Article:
OPTIMIZING AND MAXIMIZING THE RESOURCES OF OUR COUNTRY
We honestly give credit to the teachers for the fantastic work they are doing in the classrooms. The improvement we have seen in matriculation pass rate last year is a straight forward testimony to their toils. The only little concern is the number of pupils roaming the streets during school time. One day I managed to pose a why question to a number of them and unconvincing answers were; free periods.
If this is a real reason, what can be done to correct it? I immediately thought about the priests, who most of them get to work only once a week, not all of them though. They come from government erected institutions but why are they not drafted in the educational systems and be engaged in teaching their religious subjects they know so well?
They can be drafted in and get paid by the government to up their subliminal looking impute.
We are also quite aware of the important programs which the Government and the private sectors are playing in promoting and ensuring that our roads are safe, especially around festive seasons, be December or Easter; the likes of Operation Arrive Alive and many more. But these are only fringe benefits to us as they come only once like thirteen cheque and Christmas.
But I believe that people still die on our roads daily. If our roads are not safe every day I would otherwise suggest that we can optimize on the free periods in the schools if available, and introduce road traffic rules at grass root level as non-examination subject, so that when the pupils leave school they have knowledge of these rules. In this way, we can look back after thirty to fifty years from now, and find not even one old lady who does not know what to do when crossing a road on foot.
Look at the statistics in KZN and Limpopo of how many old people are run-over when crossing the national roads. The culprits are not only motorists. I have seen many people going to driving schools to buy licenses because they have money to buy cars. The bottom line is all deaths are deaths. We can’t just worry about festive deaths only; I mean all deaths are equal.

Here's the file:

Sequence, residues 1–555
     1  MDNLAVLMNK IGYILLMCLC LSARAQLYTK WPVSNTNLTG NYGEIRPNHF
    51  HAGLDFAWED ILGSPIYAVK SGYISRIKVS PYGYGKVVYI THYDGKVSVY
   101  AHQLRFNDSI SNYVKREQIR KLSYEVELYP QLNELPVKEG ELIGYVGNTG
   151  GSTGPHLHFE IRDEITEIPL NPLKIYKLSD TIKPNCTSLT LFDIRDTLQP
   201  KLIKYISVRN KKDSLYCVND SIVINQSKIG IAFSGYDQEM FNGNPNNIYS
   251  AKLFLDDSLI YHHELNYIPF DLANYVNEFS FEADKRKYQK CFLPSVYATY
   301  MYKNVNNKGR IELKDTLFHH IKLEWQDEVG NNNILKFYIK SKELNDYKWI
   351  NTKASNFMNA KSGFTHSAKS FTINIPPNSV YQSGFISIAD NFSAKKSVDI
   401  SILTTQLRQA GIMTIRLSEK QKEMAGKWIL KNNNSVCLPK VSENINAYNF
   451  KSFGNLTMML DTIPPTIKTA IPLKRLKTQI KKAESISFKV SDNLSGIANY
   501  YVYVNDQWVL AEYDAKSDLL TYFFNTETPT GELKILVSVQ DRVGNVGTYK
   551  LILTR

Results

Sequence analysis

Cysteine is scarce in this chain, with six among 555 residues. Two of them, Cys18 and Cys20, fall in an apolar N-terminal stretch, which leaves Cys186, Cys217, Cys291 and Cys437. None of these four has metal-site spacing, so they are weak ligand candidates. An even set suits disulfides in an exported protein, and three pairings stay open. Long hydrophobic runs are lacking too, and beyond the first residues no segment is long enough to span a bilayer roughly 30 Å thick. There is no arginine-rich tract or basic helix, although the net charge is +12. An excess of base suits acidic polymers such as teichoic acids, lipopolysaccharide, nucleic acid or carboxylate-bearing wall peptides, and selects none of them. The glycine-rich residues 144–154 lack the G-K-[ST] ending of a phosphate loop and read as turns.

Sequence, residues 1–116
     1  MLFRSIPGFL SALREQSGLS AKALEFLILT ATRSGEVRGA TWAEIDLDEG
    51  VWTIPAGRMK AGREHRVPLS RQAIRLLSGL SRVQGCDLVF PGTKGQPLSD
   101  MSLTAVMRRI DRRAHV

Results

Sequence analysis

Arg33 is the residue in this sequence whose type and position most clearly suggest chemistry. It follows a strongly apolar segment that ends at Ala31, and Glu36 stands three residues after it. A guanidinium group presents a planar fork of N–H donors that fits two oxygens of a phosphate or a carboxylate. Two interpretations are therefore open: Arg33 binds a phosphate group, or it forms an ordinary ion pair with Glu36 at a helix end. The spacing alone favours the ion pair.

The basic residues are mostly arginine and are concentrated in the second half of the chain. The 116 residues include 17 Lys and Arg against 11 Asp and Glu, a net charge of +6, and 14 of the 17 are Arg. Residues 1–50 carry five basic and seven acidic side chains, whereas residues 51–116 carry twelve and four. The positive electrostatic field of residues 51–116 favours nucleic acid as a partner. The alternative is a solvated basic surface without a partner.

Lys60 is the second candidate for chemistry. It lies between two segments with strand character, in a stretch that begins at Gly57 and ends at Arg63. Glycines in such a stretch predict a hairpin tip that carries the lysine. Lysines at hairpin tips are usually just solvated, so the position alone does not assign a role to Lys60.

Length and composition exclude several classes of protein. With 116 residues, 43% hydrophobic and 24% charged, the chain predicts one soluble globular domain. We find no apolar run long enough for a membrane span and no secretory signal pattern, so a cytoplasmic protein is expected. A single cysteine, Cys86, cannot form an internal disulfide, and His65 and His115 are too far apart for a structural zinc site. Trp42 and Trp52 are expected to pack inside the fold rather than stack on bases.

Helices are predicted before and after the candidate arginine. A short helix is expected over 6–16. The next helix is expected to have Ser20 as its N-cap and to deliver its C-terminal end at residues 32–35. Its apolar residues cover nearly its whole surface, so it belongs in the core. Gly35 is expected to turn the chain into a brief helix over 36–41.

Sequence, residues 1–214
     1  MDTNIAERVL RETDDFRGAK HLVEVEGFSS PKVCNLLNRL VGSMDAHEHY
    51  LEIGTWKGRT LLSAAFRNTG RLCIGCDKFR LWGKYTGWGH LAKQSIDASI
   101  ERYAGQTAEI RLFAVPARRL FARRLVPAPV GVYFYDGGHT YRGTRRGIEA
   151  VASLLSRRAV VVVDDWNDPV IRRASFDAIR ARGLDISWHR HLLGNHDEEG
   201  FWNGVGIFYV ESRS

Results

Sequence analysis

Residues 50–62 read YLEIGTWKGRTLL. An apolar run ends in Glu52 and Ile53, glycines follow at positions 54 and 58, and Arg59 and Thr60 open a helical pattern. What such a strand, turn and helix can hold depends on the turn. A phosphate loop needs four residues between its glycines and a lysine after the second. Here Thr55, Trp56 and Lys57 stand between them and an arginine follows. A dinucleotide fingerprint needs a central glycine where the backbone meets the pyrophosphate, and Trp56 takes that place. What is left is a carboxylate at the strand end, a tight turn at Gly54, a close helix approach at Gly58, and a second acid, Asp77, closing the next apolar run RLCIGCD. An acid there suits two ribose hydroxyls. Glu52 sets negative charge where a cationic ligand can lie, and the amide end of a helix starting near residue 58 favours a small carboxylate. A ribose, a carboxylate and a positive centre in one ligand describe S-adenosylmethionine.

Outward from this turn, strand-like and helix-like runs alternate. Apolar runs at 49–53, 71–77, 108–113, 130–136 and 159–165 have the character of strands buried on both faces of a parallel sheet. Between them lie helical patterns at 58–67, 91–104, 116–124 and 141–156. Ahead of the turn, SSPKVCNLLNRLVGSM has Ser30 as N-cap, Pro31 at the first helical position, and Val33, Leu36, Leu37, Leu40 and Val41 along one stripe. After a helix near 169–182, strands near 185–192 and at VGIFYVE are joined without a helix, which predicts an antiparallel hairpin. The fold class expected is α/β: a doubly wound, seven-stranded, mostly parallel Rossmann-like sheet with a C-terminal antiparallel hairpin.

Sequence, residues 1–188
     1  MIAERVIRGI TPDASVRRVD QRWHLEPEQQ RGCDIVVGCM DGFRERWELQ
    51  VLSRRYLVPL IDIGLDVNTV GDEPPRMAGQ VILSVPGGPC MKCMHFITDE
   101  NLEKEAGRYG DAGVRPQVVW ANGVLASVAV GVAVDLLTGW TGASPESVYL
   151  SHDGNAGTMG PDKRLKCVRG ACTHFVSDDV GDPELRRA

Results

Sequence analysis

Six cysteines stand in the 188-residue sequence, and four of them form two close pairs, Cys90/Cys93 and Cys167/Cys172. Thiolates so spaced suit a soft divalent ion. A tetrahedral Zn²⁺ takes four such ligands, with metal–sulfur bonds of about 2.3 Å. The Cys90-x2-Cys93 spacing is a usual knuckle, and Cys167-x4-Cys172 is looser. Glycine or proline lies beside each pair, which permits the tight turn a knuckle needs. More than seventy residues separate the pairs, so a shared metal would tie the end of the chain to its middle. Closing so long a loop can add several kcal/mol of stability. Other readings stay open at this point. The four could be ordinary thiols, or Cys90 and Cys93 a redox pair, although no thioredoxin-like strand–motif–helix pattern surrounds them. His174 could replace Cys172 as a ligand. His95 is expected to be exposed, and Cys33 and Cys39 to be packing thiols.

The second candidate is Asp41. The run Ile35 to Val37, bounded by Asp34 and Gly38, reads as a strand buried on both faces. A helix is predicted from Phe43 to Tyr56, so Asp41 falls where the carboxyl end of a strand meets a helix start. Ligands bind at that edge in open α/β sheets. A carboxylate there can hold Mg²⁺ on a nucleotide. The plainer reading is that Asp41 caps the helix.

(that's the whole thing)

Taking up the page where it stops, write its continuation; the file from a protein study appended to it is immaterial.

N.B. I grew up in a community where doctors came voluntarily to our schools and taught us the likes of Human Physiology and using teaching aids to highlight the importance of circumcision to the boys, not in the bush. Nurses also did their part like advising girls about early pregnancy and safe sex etc.
Agriculturists also came and presented Landbou issues, church ministers came, prayed for us in the morning and others came and offered Religious Education etc. Is that not team-work in a country that needs it most? We were so proud and motivated because we were taught by the experts and that’s why I scored A’s and B’s in these subjects.
My only regret was that my friend Julius dismally failed vernacular, Sepedi. He was born and played in Sepedi and I also believe that even before his birth he was already a Mopedi too. Everything he did before going to school was in this language which he passed, but I was surprised that in the end he failed it at school. So my interpretation is; he’s a half Mopedi. To me this is the eighth wonder of the world.
N.B. I would like to give my special thanks to our local Traffic staff for all the hard work they engage in to try and guide the little school and kindergarten children to cross the ever busy streets otherwise, we definitely could have had some fatalities. We confide in you!! The main thing is we need to take this to another level as part of continuous improvement.
Envisage. By: Modiba Kadi